Asrar Wani | Ananya Bhardwaj | ThePrint
Text Size:

Srinagar: Asrar Wani, a 17-year-old boy who was battling for life at the intensive care unit of local Sher-i-Kashmir Institute of Medical Sciences (SKIMS) after sustaining injuries during a clash between local residents and security forces last month, died in the early hours of Wednesday.

The authorities and the doctors who treated him, however, made contesting claims over the cause of Wani’s death, even as the law and order situation remained tense in downtown Srinagar.

Munir Khan, Additional Director General, Jammu and Kashmir Police, told reporters that Wani died of injuries caused by stone-pelting.

However, doctors who treated Wani confirmed that he died of a shell injury in his head that eventually led to a pulmonary cardiac arrest.

ThePrint was the first to report the case of Wani, one of the initial pellet victims to have sustained severe injuries in the clash between local residents and security forces in the downtown area of Soura following Friday prayers on 6 August. The clashes broke out a day after the Narendra Modi government announced the abrogation of Article 370 in Jammu and Kashmir.

Contrasting claims

Speaking to reporters, Munir Khan said, “No shelling, no pellet injuries. He was hit by a stone and I am sure about it.”

The police officer added, “As far as (his) death is concerned, he was injured on 6 August, when there was stone pelting from 90 feet. Stone-pelters from Soura, Anchar assembled and it had become a major law and order situation. Since that day he had been in hospital. He improved a bit but somehow succumbed (to the injuries).”

Lt Gen K.J.S. Dhillon, 15 Corps commander, too backed Khan. “He was hit by a stone. This makes it fifth civilian death in last 31 days,” said Dhillon.

An SKIMS staff doctor looking after Wani’s case, however, refuted the authorities’ claims.

“The cause of death is the head injury which led to a pulmonary cardiac arrest. A shell had hit his head causing grievous injury. He underwent a surgery and had been on the ventilator for long. He was improving but his condition worsened Tuesday night,” said the doctor who did not wish to be named.

A staff nurse at the ICU had earlier told ThePrint that Wani had sustained pellet injuries on his legs, chest, arms, left eye and face.


Also read: How Kashmir’s getting by — dark humour, scars of a missed Eid & apples sold for a pittance


‘He was murdered’

ThePrint spoke to Asrar Wani’s uncle who was at Srinagar’s SKIMS to complete the formalities. He said Wani’s death was a “murder”.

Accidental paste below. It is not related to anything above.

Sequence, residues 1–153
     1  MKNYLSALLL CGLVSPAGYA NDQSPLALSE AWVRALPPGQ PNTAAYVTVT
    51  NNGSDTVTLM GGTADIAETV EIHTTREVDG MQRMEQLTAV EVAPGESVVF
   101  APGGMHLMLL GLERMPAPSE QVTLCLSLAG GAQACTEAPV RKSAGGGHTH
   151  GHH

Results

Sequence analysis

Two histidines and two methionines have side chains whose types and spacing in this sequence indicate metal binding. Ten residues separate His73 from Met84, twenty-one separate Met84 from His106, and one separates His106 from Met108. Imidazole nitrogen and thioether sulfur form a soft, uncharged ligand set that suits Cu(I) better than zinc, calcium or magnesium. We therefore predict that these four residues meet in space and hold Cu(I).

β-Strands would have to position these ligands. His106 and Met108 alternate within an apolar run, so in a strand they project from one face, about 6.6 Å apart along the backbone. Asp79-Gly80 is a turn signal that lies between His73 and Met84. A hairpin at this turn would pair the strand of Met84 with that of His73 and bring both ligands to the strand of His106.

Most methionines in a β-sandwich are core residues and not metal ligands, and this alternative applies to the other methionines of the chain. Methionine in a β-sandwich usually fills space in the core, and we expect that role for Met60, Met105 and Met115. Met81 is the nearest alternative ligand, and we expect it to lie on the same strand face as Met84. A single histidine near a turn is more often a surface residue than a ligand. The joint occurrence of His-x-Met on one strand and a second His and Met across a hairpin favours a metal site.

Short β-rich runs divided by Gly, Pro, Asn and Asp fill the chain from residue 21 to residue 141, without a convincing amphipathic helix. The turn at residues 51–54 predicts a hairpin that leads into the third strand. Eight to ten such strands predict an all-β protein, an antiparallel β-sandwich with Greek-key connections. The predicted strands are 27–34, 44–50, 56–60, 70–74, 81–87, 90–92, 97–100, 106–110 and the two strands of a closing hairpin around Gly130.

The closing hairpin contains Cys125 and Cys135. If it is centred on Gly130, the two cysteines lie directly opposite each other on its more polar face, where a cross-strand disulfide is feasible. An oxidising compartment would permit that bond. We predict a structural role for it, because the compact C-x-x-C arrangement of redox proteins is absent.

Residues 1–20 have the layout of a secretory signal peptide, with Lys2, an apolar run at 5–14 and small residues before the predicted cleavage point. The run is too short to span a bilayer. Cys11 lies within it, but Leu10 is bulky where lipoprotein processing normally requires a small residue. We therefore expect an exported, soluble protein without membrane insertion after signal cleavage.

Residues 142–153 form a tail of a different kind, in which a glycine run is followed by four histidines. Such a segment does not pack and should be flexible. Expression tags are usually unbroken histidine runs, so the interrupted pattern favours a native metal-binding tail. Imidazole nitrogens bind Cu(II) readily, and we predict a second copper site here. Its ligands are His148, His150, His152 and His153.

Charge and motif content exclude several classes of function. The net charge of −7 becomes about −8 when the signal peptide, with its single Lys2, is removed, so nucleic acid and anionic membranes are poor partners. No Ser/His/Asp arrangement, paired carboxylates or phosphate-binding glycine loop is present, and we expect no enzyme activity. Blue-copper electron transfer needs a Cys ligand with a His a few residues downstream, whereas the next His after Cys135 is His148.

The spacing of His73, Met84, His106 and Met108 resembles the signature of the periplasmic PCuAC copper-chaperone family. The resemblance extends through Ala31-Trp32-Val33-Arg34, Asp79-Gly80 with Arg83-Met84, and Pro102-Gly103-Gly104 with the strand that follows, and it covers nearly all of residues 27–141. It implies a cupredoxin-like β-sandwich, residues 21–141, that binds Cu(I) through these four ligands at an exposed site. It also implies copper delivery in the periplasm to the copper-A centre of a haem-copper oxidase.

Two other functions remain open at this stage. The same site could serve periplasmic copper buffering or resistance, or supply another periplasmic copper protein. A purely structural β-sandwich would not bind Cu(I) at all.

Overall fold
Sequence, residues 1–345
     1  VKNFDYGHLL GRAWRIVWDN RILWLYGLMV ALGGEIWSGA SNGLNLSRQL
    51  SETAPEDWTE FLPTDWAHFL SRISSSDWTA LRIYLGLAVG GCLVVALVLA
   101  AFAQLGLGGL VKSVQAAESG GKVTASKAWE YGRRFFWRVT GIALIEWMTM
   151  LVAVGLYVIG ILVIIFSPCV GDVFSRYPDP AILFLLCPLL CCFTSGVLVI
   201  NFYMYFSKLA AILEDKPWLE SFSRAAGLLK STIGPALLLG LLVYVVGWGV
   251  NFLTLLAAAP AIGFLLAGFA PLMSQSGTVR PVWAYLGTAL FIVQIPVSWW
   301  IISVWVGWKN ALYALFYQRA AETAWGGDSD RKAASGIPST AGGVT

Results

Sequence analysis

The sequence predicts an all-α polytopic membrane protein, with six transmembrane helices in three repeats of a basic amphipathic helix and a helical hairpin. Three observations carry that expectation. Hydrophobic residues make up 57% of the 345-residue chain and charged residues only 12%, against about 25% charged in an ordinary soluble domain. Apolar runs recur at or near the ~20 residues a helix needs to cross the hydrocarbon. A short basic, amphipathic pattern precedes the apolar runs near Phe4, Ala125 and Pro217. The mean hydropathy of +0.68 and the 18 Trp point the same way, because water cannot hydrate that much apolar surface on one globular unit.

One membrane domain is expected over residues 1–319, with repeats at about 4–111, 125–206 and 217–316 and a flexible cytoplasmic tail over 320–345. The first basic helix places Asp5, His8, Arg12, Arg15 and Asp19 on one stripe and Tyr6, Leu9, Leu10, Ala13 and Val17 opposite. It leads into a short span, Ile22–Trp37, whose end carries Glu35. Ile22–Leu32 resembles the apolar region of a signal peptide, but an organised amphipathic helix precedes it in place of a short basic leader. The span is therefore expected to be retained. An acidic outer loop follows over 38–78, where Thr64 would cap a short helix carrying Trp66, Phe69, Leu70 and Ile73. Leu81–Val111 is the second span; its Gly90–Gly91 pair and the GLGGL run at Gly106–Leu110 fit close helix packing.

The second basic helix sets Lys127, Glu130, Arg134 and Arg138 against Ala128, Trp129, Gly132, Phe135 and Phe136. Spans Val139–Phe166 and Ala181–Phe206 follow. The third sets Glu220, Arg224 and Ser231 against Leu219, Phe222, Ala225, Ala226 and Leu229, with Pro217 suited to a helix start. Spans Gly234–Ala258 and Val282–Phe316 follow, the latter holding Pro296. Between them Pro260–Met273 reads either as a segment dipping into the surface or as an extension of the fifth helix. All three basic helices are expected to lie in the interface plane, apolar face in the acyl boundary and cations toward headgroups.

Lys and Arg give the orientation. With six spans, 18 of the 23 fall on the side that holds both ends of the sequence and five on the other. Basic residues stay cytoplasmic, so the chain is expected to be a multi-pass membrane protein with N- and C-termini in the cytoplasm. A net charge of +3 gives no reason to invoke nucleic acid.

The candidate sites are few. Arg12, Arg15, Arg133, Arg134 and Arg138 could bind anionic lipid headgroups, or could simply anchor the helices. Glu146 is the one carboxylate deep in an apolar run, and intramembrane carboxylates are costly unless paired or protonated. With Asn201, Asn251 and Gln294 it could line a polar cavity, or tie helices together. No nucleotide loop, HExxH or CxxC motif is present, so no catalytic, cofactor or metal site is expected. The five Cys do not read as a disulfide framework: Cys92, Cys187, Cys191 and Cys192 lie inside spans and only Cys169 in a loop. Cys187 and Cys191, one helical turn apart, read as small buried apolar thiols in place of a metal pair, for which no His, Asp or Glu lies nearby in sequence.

“They are shameless to be calling this a death. He was killed. Brutally hit by pellets, his head lobbed by a shell. He was a child. His fault was just that he went to offer the Friday prayers that day,” said Wani’s uncle.

He added, “They have not given us any document, no death certificate… When we asked for his medical reports, they refused to hand it over to us. When we ask them how he died, they keep quiet. Is this fair? We have nothing to say.”

Tense situation

The law and order situation in Srinagar’s downtown area remained tense Wednesday, with people taking to streets in Renawari to pelt the forces with stones.

Locals gathered in the Ellahibagh area, where Asrar Wani stayed with his family, to protest against his death.

The Indian Army, the CRPF and the local police were deployed around Ellahibagh to manage the situation. Concertina wires were placed and people, including this reporter, were stopped from visiting the area that remained out of bounds.


Also read: Supreme Court’s handling of Kashmir habeas corpus more worrisome than Modi govt’s clampdown


 

Subscribe to our channels on YouTube & Telegram

Why news media is in crisis & How you can fix it

India needs free, fair, non-hyphenated and questioning journalism even more as it faces multiple crises.

But the news media is in a crisis of its own. There have been brutal layoffs and pay-cuts. The best of journalism is shrinking, yielding to crude prime-time spectacle.

ThePrint has the finest young reporters, columnists and editors working for it. Sustaining journalism of this quality needs smart and thinking people like you to pay for it. Whether you live in India or overseas, you can do it here.

Support Our Journalism

VIEW COMMENTS

4 COMMENTS

  1. Will every person dying in valley become headline news? This is a simple case, if one protest you get shot! Ample warning has been given to these people, if they do not heed the warnings this will be their fate

Comments are closed.